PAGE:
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The Simple Way to Understand Aperture: Just What is an F Stop?

Understanding ApertureLearn about what your cameras apeture is and how to set your f stop

Aperture is one of the three important aspects you will need to learn and understand when switching over the shoot in manual mode. You may have heard this word tossed around in photography groups or in articles, along with the word f-stop. But what does it really mean and how can it help you improve your photography?


The aperture of your camera lens is essentially just a hole. The bigger you set that hole to get, the more light is allowed in. The smaller the hole, the less light comes through. Makes sense right. And if that hole was completely closed off-, no light would come in at all.

(here the f stop was set at 4.5, allowing less light in, but a more clear background)


Setting your f-stop on the camera controls the aperture or hole. This is where it gets a little confusing because the lower your f stop number the wider your aperture and vice versa. It seems like a bigger number would mean a bigger aperture, but no. So remember this, it will help you out along the way. Look at the chart below. See the sizes of the aperture compared with the f stop number.4 Step guide to shooting in manual the easy way!

Understanding How It Works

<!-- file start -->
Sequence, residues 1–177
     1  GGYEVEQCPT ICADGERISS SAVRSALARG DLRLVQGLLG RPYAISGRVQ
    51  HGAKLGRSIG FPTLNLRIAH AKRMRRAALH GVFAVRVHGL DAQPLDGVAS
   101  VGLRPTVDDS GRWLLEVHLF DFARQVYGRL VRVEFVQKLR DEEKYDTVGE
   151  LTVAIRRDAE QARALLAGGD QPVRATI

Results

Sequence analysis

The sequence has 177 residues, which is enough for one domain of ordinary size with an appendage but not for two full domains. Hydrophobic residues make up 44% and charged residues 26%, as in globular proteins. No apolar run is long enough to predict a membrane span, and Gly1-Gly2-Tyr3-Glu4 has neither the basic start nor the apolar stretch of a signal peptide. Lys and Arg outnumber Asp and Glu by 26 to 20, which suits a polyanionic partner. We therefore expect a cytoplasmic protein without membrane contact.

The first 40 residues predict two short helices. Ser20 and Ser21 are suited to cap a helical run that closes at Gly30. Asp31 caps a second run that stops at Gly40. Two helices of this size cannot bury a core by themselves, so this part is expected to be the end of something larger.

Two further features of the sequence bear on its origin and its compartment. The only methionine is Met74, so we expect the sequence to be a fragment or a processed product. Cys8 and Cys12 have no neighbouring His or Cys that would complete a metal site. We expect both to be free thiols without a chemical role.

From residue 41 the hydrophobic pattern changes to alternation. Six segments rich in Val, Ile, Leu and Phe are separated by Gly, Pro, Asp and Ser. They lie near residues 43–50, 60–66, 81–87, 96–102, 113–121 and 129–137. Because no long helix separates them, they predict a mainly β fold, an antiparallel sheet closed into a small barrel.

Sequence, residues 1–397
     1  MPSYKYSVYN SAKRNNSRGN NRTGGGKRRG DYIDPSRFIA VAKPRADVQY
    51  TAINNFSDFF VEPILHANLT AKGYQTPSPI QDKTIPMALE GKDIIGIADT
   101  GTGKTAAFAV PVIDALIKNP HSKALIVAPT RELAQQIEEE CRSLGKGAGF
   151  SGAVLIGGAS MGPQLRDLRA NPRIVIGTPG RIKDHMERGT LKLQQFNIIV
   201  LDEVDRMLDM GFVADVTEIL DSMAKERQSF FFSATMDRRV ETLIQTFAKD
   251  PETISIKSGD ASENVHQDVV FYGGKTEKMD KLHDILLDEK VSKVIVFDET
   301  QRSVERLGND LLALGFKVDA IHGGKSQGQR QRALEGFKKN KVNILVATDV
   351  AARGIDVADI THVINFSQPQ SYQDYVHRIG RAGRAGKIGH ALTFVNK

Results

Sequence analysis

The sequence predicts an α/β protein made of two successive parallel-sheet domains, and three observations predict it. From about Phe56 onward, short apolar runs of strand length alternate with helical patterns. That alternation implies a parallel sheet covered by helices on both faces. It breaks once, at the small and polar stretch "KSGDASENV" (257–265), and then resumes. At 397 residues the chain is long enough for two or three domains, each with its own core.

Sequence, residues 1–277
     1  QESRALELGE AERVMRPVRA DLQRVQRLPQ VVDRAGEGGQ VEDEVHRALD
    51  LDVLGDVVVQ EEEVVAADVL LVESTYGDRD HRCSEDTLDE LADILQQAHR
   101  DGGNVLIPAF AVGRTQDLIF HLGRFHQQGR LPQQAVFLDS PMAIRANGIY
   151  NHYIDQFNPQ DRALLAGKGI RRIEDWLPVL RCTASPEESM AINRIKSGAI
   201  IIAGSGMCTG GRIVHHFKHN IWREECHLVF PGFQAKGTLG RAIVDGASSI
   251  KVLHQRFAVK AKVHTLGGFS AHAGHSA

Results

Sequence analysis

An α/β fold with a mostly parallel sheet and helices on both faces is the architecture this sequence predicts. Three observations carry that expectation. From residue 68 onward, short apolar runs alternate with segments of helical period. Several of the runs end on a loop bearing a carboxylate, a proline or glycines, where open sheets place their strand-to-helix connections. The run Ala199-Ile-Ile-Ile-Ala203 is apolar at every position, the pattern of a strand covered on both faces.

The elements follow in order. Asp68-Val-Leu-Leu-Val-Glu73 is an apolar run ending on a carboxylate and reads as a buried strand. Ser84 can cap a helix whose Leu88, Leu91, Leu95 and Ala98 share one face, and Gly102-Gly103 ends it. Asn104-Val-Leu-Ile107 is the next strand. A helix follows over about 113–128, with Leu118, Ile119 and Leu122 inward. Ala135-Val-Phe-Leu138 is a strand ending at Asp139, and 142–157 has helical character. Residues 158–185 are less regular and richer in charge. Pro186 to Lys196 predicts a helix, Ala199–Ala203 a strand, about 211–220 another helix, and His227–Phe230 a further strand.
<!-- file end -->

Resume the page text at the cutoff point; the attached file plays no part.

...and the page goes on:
Now, you might be wondering, just what does this all mean? Well, when you set your f stop, you are basically setting the aperture or hole size. This will have a direct impact on the depth of field in your photo. If your aperture is very wide (low f/stop), the background of your photo will be blurrier than the subject of your photo. (see the photo below) Or the reverse, if you would like the background, foreground and subject to all be in clear focus, set that aperture narrow (large f/stop). (see the photo above)

Mother and Daughter Photography in Ahwatukee near the end of Chandler Blvd. 85048

(In this photo the f stop was set at 2, which means the aperture was very wide and open creating a blurry background and allowing the subjects to remain clear)

However you choose to set your aperture is completely up to you. It is all dependent on the look you are hoping to achieve. There is no right or wrong way to do this as long as you are taking into consideration the other two component of shooting in manual mode.

Once you’re clear on this, you can check out how your shutter speed comes into play when shooting in manual mode and why shutter speed is important to understand when shooting in manual mode.

Now you try it! Play around with changing the f stop and see what results you’ll get! Have fun shooting!



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